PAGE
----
Mycorrhizal fungi promote many aspects of plant life, in particular improved nutrition, better growth, stress tolerance, and disease resistance.Department of Biology, University of Fribourg, Switzerland
For best results, apply 2 inches of compost every 1-2 months.
For under-watered lime trees, I also recommend providing 4-12 inches of mulch every 3-6 months such as leaves, wood chips, or straw. Mulch dramatically reduces evaporation, regulates soil temperature, and prevents erosion. Apply the mulch on top of the compost.
However, avoid using mulch for lime trees that are over-watered or have poor drainage. The reduced evaporation effects of mulch can make these issues worse. Once the soil has proper drainage, start putting on layers of mulch.
Keep both materials at least 3 inches from the lime tree’s trunk to avoid mold buildup.
4. Extreme Weather
As lime trees are from the subtropics, they prefer plenty of heat and sunshine. For best results, keep lime trees between 25ºF and 90ºF. If it gets hotter or colder, the tree can become too stressed to produce fruit and can take up to a year to recover.
Like other citrus trees, lime trees prefer USDA hardiness zones 9-11. To see which hardiness zone you’re in, use the link provided above in the image caption. If you’re outside of these zones, consider establishing a microclimate (such as greenhouses, food forests, etc.)
Hot & Dry Weather
When temperatures are too hot or dry, lime trees can lose much of their stored water. This is made worse if the soil also becomes dry (which is why composting and mulching are so important).
It may be helpful to know that lime trees keep themselves cool by sending moisture from their roots to their leaves and through a process called transpiration.
Transpiration is when plants exhale moisture (much like how we do). This is the reason why walking into a dense forest can feel extremely humid.
Professional German forester Peter Wohlleben mentions in his book, The Hidden Life of Trees, the top side of a leaf is generally as a solar panel (photosynthesis) while the bottom side is for breathing (transpiration).
The problem occurs when transpiration and root moisture can’t keep up with the extreme heat and dryness. It loses more moisture than it gains, causing curled, dried, browned, and dropped leaves.
Here are some tips to help cool your lime tree:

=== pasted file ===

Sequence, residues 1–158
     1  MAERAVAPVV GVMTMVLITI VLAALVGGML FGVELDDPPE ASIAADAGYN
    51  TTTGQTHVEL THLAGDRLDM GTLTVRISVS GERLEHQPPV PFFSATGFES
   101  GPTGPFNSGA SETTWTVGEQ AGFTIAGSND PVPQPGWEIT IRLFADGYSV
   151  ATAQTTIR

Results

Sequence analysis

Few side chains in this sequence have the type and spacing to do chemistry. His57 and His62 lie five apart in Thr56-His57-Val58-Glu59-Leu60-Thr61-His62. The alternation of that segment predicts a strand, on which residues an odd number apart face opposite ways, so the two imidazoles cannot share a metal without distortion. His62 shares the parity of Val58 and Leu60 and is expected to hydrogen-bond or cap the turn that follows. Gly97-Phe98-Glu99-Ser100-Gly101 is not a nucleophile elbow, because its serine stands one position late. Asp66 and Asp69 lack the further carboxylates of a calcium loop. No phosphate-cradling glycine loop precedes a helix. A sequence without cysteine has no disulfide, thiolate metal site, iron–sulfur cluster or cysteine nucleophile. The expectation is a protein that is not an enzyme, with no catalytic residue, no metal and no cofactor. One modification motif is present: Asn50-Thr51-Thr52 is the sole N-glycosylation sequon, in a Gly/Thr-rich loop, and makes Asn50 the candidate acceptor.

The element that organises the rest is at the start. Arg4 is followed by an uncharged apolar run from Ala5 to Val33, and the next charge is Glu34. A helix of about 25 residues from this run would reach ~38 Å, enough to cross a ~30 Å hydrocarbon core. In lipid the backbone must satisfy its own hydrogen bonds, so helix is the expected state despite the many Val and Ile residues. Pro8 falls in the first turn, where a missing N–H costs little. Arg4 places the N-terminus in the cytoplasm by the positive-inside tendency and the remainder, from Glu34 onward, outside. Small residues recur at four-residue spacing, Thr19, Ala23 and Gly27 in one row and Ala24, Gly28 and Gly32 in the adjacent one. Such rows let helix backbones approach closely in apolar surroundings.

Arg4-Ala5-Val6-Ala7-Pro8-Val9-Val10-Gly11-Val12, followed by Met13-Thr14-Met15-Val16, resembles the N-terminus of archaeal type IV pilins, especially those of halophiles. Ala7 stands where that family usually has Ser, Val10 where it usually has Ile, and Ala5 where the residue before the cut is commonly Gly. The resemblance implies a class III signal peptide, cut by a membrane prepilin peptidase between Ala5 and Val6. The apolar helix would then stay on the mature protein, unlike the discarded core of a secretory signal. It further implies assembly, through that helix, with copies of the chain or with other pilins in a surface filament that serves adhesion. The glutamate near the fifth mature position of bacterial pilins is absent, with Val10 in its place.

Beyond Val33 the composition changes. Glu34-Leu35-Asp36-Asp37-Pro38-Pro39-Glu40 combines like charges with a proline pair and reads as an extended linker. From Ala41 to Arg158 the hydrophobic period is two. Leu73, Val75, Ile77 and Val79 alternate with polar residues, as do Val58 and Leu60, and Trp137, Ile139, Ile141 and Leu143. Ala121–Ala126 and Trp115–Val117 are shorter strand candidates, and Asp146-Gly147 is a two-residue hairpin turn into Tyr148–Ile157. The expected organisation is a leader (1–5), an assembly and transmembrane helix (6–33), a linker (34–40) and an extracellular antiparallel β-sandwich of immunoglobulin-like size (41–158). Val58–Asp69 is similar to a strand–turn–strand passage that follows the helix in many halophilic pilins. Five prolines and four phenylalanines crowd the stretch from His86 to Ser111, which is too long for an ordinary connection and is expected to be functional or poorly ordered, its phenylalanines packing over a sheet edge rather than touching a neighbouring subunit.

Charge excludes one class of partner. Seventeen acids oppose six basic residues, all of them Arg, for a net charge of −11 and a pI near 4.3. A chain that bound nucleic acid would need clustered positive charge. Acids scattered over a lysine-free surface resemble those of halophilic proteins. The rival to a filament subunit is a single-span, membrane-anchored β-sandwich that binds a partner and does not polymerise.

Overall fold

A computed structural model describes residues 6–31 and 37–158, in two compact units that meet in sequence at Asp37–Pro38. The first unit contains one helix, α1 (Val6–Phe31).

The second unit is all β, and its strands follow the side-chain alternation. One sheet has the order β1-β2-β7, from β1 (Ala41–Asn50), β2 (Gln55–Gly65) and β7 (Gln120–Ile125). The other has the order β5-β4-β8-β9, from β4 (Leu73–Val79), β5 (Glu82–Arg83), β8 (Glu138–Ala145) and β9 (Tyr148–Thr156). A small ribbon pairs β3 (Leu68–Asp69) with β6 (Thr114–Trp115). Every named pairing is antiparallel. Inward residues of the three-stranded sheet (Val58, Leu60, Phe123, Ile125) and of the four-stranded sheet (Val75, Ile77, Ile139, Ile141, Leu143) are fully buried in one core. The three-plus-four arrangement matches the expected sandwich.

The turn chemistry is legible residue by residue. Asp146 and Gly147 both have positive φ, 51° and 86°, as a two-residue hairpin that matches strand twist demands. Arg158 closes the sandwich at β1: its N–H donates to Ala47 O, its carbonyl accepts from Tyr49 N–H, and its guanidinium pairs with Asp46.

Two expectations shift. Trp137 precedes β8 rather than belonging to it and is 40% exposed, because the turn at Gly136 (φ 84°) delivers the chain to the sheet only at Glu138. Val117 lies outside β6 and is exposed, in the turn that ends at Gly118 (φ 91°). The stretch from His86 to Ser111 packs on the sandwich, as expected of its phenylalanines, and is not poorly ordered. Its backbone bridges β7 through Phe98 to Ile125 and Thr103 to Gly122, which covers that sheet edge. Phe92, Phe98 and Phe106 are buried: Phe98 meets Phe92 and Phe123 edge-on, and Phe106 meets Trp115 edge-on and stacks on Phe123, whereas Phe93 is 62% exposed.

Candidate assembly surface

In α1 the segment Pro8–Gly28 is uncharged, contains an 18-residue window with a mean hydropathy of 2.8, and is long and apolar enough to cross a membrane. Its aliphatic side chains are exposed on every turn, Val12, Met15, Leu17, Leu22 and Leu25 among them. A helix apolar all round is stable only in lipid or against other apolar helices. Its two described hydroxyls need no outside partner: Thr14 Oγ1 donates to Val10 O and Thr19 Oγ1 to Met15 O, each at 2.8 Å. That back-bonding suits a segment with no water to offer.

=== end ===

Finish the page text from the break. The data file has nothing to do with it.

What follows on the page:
- Apply 4-12 inches of mulch for reduced evaporation
- Apply 2 inches of compost for better water retention
- Provide 2+ hours of partial shade from the west sun (the afternoon sun is the hottest). You can use shade sails, structures, or other trees
Most varieties of lime trees don’t like frost (under 32ºF), but can typically survive down to 25ºF. If temperatures drop below this, or stay cold for too long, the lime tree can die.
Symptoms of a lime tree affected by frost are brown and dropping leaves (green leaves can drop as well). You can tell if a lime tree is still alive by scratching or pruning a small branch and seeing if there’s still green inside.
Here are some tips to keep your lime tree warm:
- Apply 4-12 inches of mulch for insulation
- Cover the canopy with bedsheets of canvas in times of frost
- Insulate the trunk with cardboard or other insulating materials
As mentioned earlier, planting in or establishing a microclimate can help your lime tree survive in times of extreme weather. Even an adjustment of a few degrees can mean the survival of your lime tree.
To learn more about microclimates, check out this helpful video by Gardener Scott.
5. Improper Nutrients
Too many nutrients are often caused by fast-release chemical fertilizers as compost isn’t potent enough. When this happens, the tree’s roots can become chemically burned, causing the tree stress and leading to a decline in health and fruiting.
If you believe you’ve over-fertilized your lime tree, I suggest removing as much of the fertilizer as possible via leaching. To do this, soak your lime tree’s soil to dilute the existing fertilizer and allow it to flow deeper into the soil (out of reach of the tree’s roots). You may have to do this at least a few times.
However, avoid leaching if your soil has poor drainage as the soil can become waterlogged. In this case, either apply generous amounts of compost and garden soil or repot the tree with fresh potting soil (for potted lime trees).
Lack of Nutrients
|Nutrient Deficiency||Leaf Symptom|
|Nitrogen||Entire leaf is pale or yellow|
|Iron||Dark green veins, rest of the leaf is yellowing|
|Manganese||Broadly pale leaves, foliage color looks mottled or smeared|
If you haven’t fed your lime tree in the past several months, there’s a good chance a lack of nutrients is causing little to no fruiting.
However, symptoms of a lack of nutrients depend on the deficiency.
For example, lime trees commonly get a nitrogen deficiency (they require double the nitrogen compared to other fruit trees) and get lightly colored or yellow leaves. This is more likely in younger lime trees as nitrogen is the primary nutrient needed for growing a canopy.
Let’s take a look at the optimal way to prevent a lack of nutrients for your lime tree.